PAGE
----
The blue-backlit LCD shows artist, album, and track information but is a little too dim for low-light environments. Samsung smartly included a plastic flap to protect the USB and line-in ports when not in use. You'll want to employ the Hold switch on the player while using the remote, as it's easy to accidentally turn off the player or move to the next or previous track.
The player comes with a carrying case, but a belt clip on the pouch would have been nice. There's no LCD on the included in-line remote, but it lets you operate basic playback functions using a joystick (Play/Pause, FF/RW, and Volume) while the player is stowed in the carrying case or your bag. The Samsung Napster YP-910GS is, of course, designed to integrate seamlessly with Napster 2.0 and its secure WMA files. To load purchased (or ripped) songs, simply drag and drop files from the Napster library on your PC to the device. The Samsung also supports Musicmatch's online music service, as well as Windows Explorer for file transfers. Once you've put music on the player, you can browse by artist, album, track, or playlist, the last of which must be created in Napster.
The only way to upload songs to another computer is to sneakily select "View hidden files and folders," enabling you to drag and drop tracks from the device to any PC's hard drive that has the drivers installed.
Now for the nitpicks. First, once you establish a playlist on the device, you can't add songs to it later; you have to change the list in the Napster library, then retransfer the entire playlist to the device--including the songs that are already on the unit. This resulted in a few (apparently random) duplicate tracks in our playlist.
Also, we found it puzzling that there's no option to play all of the tracks on the player; you can play only individual tracks, albums, artists, or playlists. Selecting a song from the main library lets you play that song only. If you want to shuffle between all tracks, you need to create a playlist that includes every tune.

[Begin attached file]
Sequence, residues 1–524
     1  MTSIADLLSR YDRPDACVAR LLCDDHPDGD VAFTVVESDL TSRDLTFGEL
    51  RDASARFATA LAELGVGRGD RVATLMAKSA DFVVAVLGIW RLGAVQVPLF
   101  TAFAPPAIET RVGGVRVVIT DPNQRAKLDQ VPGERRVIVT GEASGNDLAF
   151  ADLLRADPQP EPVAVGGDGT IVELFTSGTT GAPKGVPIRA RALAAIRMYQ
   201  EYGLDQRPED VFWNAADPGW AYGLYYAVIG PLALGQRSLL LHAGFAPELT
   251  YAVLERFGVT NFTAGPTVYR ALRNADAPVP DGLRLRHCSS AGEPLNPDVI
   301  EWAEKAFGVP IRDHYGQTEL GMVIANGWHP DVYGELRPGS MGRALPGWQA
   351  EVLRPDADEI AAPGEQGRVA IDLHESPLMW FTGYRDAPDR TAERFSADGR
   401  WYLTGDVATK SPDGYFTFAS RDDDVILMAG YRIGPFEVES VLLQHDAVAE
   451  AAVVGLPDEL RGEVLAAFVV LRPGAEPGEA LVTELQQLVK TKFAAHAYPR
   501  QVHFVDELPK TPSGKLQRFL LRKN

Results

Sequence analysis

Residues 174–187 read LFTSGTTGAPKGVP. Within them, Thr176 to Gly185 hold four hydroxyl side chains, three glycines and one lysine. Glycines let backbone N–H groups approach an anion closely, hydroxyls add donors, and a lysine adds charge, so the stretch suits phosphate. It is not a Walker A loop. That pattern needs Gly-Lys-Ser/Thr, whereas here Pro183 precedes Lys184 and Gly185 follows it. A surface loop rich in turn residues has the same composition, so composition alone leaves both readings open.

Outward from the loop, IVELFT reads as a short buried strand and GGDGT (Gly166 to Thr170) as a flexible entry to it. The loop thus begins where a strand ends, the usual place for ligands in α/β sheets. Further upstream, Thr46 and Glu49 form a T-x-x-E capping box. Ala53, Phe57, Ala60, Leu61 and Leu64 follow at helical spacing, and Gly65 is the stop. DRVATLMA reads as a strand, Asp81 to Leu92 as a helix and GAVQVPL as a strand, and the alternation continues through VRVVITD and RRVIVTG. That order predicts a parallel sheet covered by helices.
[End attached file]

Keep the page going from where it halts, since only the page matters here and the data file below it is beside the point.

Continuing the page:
But Samsung should attract more than a few customers with features not found in most of the competition: line-in recording, FM tuning, recording, and even transmission (useful for wirelessly playing the player's music over a car stereo). To transmit, simply plug the small FM antenna into the line-in/antenna port and choose one of the five channels on which to transmit.
The YP-910GS also records audio through its analog line-in jack to the MP3 format--though there's no WAV recording--so you can digitize your vinyl or encode MP3s directly from a CD player without a computer (line-in cable included). Line-in recordings end up in the device's current playlist; we'd prefer that it set aside a separate folder for line-in recordings instead.
As for audio options, you get five preset EQ selections: Bass Boost, Rock, Pop, Classical, and Jazz. Bass Boost was a bit much for our taste, but listeners who need pounding rhythm will be satisfied. Sound quality was impressive, thanks to a 90dB signal-to-noise ratio. The included earbuds are decent, but predictably, music sounded much better with full-size Koss headphones. If you like your music ear-splittingly loud, however, you'll find the 7mW output per channel at 16 ohms disappointing when using larger headphones, though it was plenty loud with the earbuds. In addition, intervals between volume levels were too large, so there's not enough middle ground between a little too loud and not loud enough.
Most hard drive-based players lack an FM-recording feature because spinning hard drives create interference. Apparently, Samsung found a solution to this problem, as our FM recordings sounded clear. The transmitter was only marginally less clear; we used it to play music through our home stereo with only minor background hiss. As for MP3 recordings created by attaching a portable CD player to the line-in jack, they sounded just about as clear as if we'd ripped them on a computer.
One minor performance quibble was that while the unit supports variable bit rate (VBR), the time display was way off while playing them.
Music transfers to the player over USB 2.0 at just less than 2MB per second (slower than other players that support USB 2.0), although speeds over USB 1.1 were relatively quick at 0.82MB per second.
We squeezed nearly 11 hours of continuous playback from the rechargeable battery, just beating the rated 10 hours of battery life--longer than the iPod, but significantly less than the iRiver iHP-120 or the Dell Digital Jukebox DJ.